On test, it held up well throughout a Snowdonia winter, fending off wind, rain, snow and sleet in equal measure. Even after a couple of months’ regular use, it showed no signs of wear. And despite being up to the task of cold weather hillwalking, this is a jacket that is still a viable option for year-round use. It’s reasonably light and packable, which means you won’t resent carrying it in a pack on milder hill days – unlike heavier and burlier rivals.

Rab Latok Mountain GTX Pro Jacket review

(Image credit: Matthew Jones)

Rab Latok Mountain GTX Pro Jacket review: Verdict

If you’re a committed year-round hillwalker, you’ll probably love this jacket. It’s reliably waterproof and windproof, with a protective feel that will give you the confidence to venture out in even the foulest conditions. But thanks to that clever use of zoned fabrics, it’s also lighter, more packable and more breathable than some of the other burly winter-grade shells out there. This makes it a more viable option for use in milder conditions too when your shell might spend a fair amount of time in your pack. 

It also has plenty of technical features and an accommodating fit that should suit broad and tall frames – though if you’re on the shorter side, you might find it’s a bit long in the arms and body. One caveat for climbers: the non-helmet compatible hood means this might be a non-starter. If that’s the case, look at the Rab Latok Alpine or Latok Extreme instead, both of which are better suited to vertical terrain.

Rab Latok Mountain GTX Pro Jacket review: Also consider

As mentioned already, the Rab Latok Mountain’s main and most obvious rival is the Mountain Equipment Lhotse. If you’re in the market for an all-season hillwalking shell, you should be considering both. It’s worth looking at Montane’s Phase XPD too, which also uses that favoured combination of 40D and 80D Gore-Tex Pro fabrics. In fact, there’s very little to pick between this trio, though the Rab just undercuts the others in terms of price. That might just give it the edge, though ultimately, it should come down to fit. If you can, try them all on and pick the one that feels most comfortable.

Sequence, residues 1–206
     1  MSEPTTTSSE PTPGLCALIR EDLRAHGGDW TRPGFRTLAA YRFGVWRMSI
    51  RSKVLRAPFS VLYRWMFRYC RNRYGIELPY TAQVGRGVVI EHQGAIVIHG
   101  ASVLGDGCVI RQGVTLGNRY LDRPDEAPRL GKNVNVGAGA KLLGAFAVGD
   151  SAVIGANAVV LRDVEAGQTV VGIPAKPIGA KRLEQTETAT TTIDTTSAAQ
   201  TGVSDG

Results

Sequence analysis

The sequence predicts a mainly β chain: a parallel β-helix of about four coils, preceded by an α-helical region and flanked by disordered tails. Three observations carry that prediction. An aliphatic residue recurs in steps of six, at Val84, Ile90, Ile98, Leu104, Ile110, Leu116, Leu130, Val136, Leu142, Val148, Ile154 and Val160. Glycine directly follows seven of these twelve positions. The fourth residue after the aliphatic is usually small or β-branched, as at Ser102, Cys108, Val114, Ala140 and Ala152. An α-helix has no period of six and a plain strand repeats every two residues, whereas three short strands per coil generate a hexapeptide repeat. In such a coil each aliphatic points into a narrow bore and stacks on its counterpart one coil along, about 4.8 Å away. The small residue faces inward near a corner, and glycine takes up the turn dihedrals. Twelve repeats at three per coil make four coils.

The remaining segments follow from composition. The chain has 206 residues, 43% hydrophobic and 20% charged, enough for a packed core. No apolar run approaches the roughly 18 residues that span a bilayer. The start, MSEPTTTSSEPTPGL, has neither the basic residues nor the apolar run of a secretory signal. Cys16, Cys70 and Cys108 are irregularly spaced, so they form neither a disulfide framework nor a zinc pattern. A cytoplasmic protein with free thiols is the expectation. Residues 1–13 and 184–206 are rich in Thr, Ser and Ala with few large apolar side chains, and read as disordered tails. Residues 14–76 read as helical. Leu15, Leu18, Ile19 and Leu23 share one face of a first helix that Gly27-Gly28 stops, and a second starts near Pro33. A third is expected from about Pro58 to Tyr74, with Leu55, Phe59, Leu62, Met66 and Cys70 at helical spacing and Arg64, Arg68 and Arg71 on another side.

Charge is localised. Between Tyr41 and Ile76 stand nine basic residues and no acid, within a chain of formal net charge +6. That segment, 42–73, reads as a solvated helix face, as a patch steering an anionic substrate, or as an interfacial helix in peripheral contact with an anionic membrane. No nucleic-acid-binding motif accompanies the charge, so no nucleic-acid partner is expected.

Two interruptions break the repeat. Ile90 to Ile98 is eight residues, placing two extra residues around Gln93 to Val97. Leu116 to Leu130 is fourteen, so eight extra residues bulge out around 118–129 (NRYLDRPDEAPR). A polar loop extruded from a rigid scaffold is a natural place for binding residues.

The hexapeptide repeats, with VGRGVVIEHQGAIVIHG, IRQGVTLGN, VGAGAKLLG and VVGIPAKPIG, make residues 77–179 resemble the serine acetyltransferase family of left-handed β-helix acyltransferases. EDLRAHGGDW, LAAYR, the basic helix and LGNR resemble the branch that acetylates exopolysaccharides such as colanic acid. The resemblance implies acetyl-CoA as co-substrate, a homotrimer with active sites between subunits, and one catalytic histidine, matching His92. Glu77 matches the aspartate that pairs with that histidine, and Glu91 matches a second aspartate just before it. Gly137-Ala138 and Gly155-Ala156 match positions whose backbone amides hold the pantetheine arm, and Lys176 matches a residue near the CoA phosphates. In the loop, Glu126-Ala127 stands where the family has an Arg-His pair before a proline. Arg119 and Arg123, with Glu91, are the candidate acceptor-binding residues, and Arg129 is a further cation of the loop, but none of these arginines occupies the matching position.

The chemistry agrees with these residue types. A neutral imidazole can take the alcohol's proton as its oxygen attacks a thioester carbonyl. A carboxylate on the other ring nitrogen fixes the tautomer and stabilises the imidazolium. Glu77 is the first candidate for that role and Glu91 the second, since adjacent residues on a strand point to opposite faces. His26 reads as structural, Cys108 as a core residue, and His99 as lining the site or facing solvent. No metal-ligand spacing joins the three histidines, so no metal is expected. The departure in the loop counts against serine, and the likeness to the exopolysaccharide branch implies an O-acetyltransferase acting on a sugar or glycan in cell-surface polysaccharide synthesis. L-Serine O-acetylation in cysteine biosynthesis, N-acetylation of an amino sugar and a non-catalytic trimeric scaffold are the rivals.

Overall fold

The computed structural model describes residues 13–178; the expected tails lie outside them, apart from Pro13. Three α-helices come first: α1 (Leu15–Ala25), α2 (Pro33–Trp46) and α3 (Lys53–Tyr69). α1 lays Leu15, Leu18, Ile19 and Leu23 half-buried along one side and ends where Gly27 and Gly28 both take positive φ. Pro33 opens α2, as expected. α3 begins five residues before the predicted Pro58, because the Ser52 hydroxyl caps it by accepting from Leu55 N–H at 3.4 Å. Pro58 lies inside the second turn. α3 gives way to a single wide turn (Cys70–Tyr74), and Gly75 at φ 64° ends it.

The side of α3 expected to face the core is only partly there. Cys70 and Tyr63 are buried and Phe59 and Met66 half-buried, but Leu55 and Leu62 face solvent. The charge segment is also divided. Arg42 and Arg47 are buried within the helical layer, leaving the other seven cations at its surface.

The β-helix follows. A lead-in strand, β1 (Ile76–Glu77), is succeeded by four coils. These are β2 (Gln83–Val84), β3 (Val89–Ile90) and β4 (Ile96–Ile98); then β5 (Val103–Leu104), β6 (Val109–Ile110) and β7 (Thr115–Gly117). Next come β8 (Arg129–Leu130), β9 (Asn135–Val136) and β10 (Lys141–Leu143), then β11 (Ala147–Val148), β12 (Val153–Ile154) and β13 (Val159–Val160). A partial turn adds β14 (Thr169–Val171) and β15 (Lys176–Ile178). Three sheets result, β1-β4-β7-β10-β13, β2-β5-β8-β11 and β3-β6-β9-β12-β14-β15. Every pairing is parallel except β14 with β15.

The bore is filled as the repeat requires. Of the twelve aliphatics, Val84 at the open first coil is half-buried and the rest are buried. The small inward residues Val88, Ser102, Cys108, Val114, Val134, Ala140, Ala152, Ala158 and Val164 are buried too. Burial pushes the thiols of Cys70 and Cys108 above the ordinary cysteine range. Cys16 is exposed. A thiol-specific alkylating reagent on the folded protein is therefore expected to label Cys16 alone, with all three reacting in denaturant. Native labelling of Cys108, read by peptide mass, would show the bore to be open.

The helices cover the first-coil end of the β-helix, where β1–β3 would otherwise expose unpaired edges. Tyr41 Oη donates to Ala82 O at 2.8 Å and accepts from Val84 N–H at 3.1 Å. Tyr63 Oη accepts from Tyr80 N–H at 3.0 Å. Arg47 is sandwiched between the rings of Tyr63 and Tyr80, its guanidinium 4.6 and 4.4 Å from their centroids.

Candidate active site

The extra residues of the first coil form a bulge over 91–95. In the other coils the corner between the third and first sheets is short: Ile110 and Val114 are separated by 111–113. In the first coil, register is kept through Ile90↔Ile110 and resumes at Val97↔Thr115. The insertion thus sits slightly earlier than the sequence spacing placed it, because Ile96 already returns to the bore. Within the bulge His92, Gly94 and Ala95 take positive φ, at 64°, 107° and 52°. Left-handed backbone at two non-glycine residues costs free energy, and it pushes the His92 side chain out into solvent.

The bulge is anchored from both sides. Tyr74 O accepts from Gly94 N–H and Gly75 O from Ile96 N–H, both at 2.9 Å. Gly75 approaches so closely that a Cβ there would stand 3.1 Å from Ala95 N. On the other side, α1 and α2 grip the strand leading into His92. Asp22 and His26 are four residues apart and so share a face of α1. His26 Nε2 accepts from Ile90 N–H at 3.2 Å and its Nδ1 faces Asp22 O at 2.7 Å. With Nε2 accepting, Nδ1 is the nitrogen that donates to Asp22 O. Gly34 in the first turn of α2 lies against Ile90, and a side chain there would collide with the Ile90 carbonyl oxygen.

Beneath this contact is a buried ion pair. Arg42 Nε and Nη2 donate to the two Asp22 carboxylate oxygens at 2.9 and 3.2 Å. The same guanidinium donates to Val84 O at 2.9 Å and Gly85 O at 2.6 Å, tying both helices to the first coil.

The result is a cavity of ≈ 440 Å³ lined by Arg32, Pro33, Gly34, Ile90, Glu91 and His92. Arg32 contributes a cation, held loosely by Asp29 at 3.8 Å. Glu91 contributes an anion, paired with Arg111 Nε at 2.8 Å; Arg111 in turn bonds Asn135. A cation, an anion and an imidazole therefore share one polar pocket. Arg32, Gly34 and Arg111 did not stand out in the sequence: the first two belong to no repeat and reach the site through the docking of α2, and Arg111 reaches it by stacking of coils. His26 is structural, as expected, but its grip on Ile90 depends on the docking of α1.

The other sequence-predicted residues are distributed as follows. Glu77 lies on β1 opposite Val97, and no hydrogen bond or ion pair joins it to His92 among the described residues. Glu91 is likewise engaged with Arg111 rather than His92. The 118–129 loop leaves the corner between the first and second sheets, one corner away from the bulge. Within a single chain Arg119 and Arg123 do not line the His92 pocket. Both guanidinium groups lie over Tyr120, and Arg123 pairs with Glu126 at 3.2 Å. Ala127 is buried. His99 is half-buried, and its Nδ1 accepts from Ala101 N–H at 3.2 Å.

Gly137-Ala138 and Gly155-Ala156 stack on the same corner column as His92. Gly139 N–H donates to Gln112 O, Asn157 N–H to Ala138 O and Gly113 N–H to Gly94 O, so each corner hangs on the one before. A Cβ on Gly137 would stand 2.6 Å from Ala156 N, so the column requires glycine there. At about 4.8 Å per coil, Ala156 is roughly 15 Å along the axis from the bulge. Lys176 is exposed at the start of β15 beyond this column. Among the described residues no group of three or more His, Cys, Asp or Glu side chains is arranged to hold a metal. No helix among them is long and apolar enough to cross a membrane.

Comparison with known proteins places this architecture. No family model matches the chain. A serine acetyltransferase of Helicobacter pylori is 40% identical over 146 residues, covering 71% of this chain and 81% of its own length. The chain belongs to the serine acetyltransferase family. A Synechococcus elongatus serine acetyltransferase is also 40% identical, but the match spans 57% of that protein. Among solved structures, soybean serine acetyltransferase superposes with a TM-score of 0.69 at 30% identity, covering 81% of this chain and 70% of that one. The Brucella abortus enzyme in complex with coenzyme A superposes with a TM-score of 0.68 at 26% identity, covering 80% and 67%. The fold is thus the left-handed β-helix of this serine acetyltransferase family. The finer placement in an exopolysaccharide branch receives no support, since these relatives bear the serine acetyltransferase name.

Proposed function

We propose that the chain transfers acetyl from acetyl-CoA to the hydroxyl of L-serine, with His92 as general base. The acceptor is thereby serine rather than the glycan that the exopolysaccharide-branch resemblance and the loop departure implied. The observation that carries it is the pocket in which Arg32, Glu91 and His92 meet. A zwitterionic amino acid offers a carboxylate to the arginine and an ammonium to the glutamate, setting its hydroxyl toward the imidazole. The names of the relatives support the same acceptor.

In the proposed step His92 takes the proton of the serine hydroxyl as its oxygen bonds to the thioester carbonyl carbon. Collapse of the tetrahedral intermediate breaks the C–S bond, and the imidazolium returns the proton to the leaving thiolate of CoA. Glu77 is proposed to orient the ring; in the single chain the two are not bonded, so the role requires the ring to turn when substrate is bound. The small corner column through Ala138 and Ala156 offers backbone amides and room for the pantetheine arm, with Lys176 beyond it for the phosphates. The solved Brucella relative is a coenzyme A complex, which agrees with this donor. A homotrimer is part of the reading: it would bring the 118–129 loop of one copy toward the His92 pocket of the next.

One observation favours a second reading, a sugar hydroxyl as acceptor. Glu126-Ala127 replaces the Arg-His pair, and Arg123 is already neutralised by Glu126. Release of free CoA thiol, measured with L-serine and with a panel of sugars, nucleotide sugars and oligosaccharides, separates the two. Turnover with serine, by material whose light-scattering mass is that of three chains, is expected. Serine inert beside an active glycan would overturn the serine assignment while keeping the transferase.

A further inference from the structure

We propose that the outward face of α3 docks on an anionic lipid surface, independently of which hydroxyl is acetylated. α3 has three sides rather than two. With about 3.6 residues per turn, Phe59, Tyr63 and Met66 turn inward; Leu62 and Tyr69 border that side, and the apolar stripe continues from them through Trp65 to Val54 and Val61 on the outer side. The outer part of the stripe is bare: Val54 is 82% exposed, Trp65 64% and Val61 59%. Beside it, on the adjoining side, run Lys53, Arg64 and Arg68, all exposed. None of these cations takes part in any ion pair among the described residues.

Alternatively, you can save a fair bit of cash if you don’t need the top-of-the-range waterproofing and breathability of Gore-Tex Pro. After all, standard 3-layer Gore-Tex works almost as well in most conditions, and the latest generation of Paclite Plus isn’t far off, either. And if you’re prepared to consider other waterproof membrane technologies, including own-brand or ‘in-house’ membranes, the choice becomes almost endless.

That doesn’t mean you don’t get the cachet of the Rab brand, either. Down the grades, there are cheaper, lighter and more packable Rab shells that use PU-based Pertex Shield (e.g. the Firewall and Arc Eco), or if you want a super stretchy, flexible shell with great breathability, perhaps look at the Rab Kinetic or Kinetic Alpine.

Matthew Jones

An outdoors writer and editor, Matt Jones has been testing kit in the field for nearly a decade. Having worked for both the Ramblers and the Scouts, he knows one or two things about walking and camping, and loves all things adventure, particularly long-distance backpacking, wild camping and climbing mountains – especially in Wales. He’s based in Snowdonia and last year thru-hiked the Cambrian Way, which runs for 298 miles from Cardiff to Conwy, with a total ascent of 73,700ft (that’s nearly 2½ times the height of Everest). Follow Matt on Insta and Twitter at @mattymountains